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Bumblebee larval growth impaired by insecticide

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Bumblebee larval growth impaired by insecticide

  • Date03 August 2020

Researchers from Royal Holloway, have found that an insecticide used in more than 81 countries, including within the EU, could contribute towards a global decline in bumblebees.

Bumblebee _ Thomas Millet

Photo by Thomas Millet

The academics found that Sulfoxaflor, which is licenced for use in the US, Australia and China was shown to have a negative effect on the growth of bumblebee larvae, potentially stunting their development and leading to colony level declines.

The new study, ‘Individual and combined impacts of sulfoxaflor and Nosema bombi on bumblebee (Bombus terrestris) larval growth', was carried out by Dr Harry Siviter, Dr Arran Folly, Professor Mark Brown and Professor Elli Leadbeater from the Department of Biological Sciences at Royal Holloway.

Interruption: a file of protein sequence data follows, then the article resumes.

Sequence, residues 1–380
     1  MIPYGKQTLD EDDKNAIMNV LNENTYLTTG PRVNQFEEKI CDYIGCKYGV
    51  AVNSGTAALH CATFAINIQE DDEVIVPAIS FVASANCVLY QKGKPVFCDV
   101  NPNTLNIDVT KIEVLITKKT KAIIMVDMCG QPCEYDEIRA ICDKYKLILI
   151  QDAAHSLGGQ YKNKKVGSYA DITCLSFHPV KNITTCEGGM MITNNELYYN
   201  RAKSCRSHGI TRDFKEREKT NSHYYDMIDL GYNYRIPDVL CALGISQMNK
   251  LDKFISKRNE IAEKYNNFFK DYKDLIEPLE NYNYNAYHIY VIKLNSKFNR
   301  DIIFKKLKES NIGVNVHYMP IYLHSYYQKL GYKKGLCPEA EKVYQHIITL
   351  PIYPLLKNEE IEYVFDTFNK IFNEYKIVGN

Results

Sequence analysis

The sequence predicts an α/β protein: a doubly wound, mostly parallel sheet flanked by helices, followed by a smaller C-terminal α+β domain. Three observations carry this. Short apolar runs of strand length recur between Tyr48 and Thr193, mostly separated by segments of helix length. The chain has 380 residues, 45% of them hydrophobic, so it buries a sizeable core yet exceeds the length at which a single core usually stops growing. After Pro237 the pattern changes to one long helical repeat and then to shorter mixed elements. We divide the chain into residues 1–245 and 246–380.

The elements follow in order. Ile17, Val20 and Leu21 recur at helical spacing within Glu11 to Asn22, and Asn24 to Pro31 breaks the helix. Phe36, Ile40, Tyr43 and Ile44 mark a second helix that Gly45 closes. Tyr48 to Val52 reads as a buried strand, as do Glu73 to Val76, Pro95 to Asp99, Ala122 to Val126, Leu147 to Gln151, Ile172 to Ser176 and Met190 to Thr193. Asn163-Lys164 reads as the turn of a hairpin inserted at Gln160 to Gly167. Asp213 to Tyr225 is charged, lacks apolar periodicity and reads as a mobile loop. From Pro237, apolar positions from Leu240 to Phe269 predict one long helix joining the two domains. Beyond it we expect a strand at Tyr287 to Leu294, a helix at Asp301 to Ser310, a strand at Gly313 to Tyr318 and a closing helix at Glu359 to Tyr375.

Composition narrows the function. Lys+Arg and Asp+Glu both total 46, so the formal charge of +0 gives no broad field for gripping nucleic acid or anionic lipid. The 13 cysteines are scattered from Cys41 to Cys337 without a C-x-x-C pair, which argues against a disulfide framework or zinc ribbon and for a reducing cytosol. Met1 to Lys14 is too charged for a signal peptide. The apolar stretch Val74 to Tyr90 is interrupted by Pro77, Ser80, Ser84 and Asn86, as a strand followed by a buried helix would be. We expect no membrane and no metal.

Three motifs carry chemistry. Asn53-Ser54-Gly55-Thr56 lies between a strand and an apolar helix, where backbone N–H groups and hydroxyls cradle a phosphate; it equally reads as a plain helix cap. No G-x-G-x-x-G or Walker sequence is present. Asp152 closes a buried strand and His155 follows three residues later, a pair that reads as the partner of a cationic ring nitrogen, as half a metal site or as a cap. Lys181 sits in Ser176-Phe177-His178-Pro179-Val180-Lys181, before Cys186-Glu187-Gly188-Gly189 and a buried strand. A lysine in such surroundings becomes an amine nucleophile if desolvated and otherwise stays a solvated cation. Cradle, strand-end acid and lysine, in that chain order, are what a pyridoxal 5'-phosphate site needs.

It shows that when bumblebee larvae are exposed to Sulfoxaflor, there is a 61% reduction in the bumblebee larval growth, in comparison to those that were unexposed. In addition, when bumblebee larvae were exposed to both Sulfoxaflor and the common fungal parasite, Nosema bombi (N. bombi), larval mortality increased by 20%.

Dr Harry Siviter, from Royal Holloway, said: “Bumblebee larvae develop into the colony’s future workers and so healthy larval growth is vital.

“If larval development is impaired by insecticides or parasites, we would expect to observe negative consequences on bumblebee colony health.

“Within our research, we demonstrate that the use of insecticides, such as Sulfoxaflor, could contribute towards widely-documented global insect declines and also show that, in its current form, the insecticide regulatory process does not adequately protect bees from the negative effects of agrochemical exposure.”

Professor Elli Leadbeater, from Royal Holloway, added: “Regulatory testing focuses on the effects of insecticides on healthy bees, but in reality, bumblebees are infected with a variety of pathogens and parasites, so it’s important that we understand how these stressors work together.”

Professor Mark Brown, from Royal Holloway, continued: “As we move towards a more sustainable agriculture, understanding how natural and human-produced stresses impact our bees will help us to develop new ways of working that maintains their health; allowing them to pollinate the crops we need to live. Healthy bees means healthy people.”

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